BPAA looking deep into future
June 9, 2008 · Updated 1:35 PM
When the earth blotted out the moon for full lunar eclipse on the evening of Feb. 20, a horde of islanders descended on the observatory at Battle Point Park.
As a shadow slid over the moon, they filled the observatory parking lot and spilled out across the grounds around the squat concrete building.
It was one of many recent events to overflow the observatory, operated by Battle Point Astronomical Association. With a host of educational offerings, including star gazing parties and guest speakers, and the addition of a small planetarium two years ago, BPAA has seen a burgeoning audience among both the islanders and mainlanders.
The new interest has shed light on the shortcomings of the World War II era Helix building military radio tower base, which was reincarnated as the Edwin Ritchie Observatory in 1997.
There is no indoor bathroom, visitors navigate steep stairways to reach the roof, ceilings leak and the old oil furnace is overwhelmed in the winter all problems largely overlooked in the early years of the association.
It wasnt a problem when we were just a bunch of guys with telescopes, BPAA President Harry Colvin said.
But realizing the need to accommodate an ever-growing number of visitors, from pre-schoolers to senior citizens, BPAA recently launched a fund drive for a capital project that will fix those nagging problems while expanding the observatory to meet the demand of stargazers for decades.
Over a year of planning, project has been mapped out in two stages to be completed as money and time becomes available.
An initial $347,000 phase will address myriad small facility problems and overhaul the dome that houses the Edwin Ritchie Telescope.
A second $1,267,000 phase will build a planetarium wing on the site, and locate a remotely operated telescope in the Southwest to allow island astronomers to study the skies even on overcast nights.
We have the potential to expand this facility to serve the public for 30, 40 even 50 years out, Colvin said.
The 27-inch diameter Ritchie Telescope is the centerpiece of the observatory, and according to BPAA members, the only research-grade telescope readily available to the public in the Pacific Northwest.
The telescope is currently covered in the white bubble-like plywood structure atop the observatory, accessed by climbing three sets of stairs and walking across the roof of the building. A three-foot-wide slot in the bubble opens to form both an entry for astronomers and the shutter the telescope peers through.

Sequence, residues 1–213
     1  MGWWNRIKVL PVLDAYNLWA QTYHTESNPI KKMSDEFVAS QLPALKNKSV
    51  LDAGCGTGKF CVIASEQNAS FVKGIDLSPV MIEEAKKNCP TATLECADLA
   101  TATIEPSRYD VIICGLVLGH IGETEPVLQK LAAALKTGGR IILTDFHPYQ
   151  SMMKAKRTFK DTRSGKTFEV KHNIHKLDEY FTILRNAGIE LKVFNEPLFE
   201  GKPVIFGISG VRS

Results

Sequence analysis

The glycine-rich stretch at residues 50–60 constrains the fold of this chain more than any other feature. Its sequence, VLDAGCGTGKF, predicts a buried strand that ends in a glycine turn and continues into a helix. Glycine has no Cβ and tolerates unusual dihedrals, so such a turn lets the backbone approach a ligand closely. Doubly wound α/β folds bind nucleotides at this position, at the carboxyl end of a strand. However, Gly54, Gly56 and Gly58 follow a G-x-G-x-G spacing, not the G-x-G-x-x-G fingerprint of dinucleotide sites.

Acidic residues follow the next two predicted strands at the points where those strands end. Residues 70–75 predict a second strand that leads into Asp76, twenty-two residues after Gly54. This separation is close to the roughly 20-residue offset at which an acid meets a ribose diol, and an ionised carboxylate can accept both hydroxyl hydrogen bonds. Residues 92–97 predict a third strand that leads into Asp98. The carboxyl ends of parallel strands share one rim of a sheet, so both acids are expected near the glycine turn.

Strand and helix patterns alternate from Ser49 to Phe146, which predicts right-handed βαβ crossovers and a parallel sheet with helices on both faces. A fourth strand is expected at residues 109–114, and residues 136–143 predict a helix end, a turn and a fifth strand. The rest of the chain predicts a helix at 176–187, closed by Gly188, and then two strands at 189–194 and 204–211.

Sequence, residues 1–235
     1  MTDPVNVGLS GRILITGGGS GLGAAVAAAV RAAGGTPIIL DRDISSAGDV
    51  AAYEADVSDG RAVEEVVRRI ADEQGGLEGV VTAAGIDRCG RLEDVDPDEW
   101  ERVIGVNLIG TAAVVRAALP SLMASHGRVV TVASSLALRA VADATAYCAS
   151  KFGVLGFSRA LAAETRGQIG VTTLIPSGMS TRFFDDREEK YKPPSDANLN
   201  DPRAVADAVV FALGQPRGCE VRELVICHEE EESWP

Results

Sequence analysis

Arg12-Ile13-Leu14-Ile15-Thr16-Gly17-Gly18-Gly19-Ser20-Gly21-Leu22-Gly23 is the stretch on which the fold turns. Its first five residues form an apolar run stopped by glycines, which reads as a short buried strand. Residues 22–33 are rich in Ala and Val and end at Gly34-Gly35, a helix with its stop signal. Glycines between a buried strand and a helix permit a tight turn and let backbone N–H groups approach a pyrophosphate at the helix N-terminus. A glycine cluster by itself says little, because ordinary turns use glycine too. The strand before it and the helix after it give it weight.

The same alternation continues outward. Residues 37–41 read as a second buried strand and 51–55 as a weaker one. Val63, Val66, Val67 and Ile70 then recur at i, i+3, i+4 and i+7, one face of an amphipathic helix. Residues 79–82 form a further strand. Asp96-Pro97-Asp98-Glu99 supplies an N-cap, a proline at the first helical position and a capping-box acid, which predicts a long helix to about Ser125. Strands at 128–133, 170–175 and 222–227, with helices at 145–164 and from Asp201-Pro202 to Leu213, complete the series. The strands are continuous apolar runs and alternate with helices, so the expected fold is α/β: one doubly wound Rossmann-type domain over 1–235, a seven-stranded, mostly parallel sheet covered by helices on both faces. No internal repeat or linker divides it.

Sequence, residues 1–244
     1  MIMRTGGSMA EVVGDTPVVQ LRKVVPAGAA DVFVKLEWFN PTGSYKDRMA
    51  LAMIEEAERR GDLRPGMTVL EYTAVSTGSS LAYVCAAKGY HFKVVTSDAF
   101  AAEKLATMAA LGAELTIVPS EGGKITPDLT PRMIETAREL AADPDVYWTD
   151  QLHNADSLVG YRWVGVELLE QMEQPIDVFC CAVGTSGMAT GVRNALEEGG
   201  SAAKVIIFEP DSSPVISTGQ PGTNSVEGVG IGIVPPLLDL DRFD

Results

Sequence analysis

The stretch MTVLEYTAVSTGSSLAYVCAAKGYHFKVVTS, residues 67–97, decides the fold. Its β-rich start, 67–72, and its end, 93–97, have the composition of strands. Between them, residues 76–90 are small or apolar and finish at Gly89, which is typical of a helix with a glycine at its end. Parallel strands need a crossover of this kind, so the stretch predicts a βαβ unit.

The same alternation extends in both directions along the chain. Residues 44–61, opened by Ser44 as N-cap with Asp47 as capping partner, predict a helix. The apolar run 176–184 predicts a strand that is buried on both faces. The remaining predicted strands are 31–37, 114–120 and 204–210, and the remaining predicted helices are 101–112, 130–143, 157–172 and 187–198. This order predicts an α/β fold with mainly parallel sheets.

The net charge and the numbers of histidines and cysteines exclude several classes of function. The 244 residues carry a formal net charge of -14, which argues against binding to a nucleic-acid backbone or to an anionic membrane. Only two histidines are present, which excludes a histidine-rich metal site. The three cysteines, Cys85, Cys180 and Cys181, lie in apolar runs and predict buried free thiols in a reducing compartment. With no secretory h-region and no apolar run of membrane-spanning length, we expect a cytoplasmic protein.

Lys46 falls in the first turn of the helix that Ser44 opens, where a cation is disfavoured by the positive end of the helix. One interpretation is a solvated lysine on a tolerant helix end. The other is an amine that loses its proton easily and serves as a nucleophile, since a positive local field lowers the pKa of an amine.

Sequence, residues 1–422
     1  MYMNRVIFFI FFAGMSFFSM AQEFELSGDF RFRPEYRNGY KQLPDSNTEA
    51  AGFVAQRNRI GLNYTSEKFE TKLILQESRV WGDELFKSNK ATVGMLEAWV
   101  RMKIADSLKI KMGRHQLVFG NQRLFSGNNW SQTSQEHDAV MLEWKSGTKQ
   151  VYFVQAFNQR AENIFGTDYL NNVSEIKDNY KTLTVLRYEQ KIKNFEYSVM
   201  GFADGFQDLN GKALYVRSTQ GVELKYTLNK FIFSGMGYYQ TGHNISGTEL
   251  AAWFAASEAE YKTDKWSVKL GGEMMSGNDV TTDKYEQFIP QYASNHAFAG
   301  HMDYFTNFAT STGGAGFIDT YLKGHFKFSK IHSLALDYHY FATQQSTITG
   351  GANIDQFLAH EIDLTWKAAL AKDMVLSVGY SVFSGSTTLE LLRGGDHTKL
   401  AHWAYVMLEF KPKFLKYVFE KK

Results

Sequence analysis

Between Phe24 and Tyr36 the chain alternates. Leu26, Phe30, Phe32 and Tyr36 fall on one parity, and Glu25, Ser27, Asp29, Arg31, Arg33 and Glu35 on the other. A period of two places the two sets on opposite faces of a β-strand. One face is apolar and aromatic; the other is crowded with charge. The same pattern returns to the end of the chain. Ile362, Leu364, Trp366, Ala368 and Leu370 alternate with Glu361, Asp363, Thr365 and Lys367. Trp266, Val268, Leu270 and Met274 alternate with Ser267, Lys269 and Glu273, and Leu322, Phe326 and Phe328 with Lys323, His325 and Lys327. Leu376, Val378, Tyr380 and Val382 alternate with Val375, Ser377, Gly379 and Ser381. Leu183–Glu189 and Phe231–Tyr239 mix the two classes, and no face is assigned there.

Once inside, visitors shuffle around around the base of the bubble on a raised walkway and mount wooden ladder to reach the telescopes viewfinder. Both the housing and computer-controlled telescope rotate to view different portions of the sky.
At night it takes five BPAA staff members to safely guide a group students to the telescopes eyepiece.
Weve got a problem just getting six to eight people up here, Colvin said.
BPAA plans to start from scratch, replacing the bubble with a prefabricated steel hemisphere.
The dome will greatly increase space around the telescope and new stairway will lead to an entrance in the domes floor. The new cover will also double the size of the shutter, giving the telescope a greater viewing area and allowing for the installation of a second telescope that would be linked to a viewing monitor on the ground floor.
Meanwhile, a room on first floor which stores several of BPAAs eight portable telescopes will be converted into a bathroom so visitors can avoid bumbling through the dark to the Sanican or other park facilities. A new furnace and lighting system will be installed and the floors and walls will be refinished.
Once the small pressing problems are quelled, and the Ritchie Telescope is rehoused, BPAA plans to embark on a second stage of construction that will realize an expansive vision for the observatory.